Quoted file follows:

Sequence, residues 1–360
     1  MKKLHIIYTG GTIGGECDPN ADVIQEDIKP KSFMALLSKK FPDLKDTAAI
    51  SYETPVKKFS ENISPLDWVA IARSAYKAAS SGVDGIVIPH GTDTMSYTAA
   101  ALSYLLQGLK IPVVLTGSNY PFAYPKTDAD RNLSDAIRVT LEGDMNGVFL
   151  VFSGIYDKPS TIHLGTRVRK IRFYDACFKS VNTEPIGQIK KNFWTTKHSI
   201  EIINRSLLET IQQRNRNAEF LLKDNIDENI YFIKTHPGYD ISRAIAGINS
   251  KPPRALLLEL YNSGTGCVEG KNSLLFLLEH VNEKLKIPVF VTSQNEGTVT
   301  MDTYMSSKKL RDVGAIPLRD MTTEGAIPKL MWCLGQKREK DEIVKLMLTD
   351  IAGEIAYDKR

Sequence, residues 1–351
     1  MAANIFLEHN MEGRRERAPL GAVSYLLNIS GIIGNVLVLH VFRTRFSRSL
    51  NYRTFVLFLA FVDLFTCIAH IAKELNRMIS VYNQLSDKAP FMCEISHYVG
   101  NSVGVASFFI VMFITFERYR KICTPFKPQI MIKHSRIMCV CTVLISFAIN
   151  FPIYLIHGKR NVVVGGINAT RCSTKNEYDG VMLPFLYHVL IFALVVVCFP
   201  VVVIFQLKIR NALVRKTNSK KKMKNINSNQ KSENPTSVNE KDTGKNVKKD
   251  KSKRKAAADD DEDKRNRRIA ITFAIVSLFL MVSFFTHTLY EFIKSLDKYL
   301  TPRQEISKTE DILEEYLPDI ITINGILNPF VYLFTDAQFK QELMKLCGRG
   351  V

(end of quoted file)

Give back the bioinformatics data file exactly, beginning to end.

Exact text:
Sequence, residues 1–360
     1  MKKLHIIYTG GTIGGECDPN ADVIQEDIKP KSFMALLSKK FPDLKDTAAI
    51  SYETPVKKFS ENISPLDWVA IARSAYKAAS SGVDGIVIPH GTDTMSYTAA
   101  ALSYLLQGLK IPVVLTGSNY PFAYPKTDAD RNLSDAIRVT LEGDMNGVFL
   151  VFSGIYDKPS TIHLGTRVRK IRFYDACFKS VNTEPIGQIK KNFWTTKHSI
   201  EIINRSLLET IQQRNRNAEF LLKDNIDENI YFIKTHPGYD ISRAIAGINS
   251  KPPRALLLEL YNSGTGCVEG KNSLLFLLEH VNEKLKIPVF VTSQNEGTVT
   301  MDTYMSSKKL RDVGAIPLRD MTTEGAIPKL MWCLGQKREK DEIVKLMLTD
   351  IAGEIAYDKR

Sequence, residues 1–351
     1  MAANIFLEHN MEGRRERAPL GAVSYLLNIS GIIGNVLVLH VFRTRFSRSL
    51  NYRTFVLFLA FVDLFTCIAH IAKELNRMIS VYNQLSDKAP FMCEISHYVG
   101  NSVGVASFFI VMFITFERYR KICTPFKPQI MIKHSRIMCV CTVLISFAIN
   151  FPIYLIHGKR NVVVGGINAT RCSTKNEYDG VMLPFLYHVL IFALVVVCFP
   201  VVVIFQLKIR NALVRKTNSK KKMKNINSNQ KSENPTSVNE KDTGKNVKKD
   251  KSKRKAAADD DEDKRNRRIA ITFAIVSLFL MVSFFTHTLY EFIKSLDKYL
   301  TPRQEISKTE DILEEYLPDI ITINGILNPF VYLFTDAQFK QELMKLCGRG
   351  V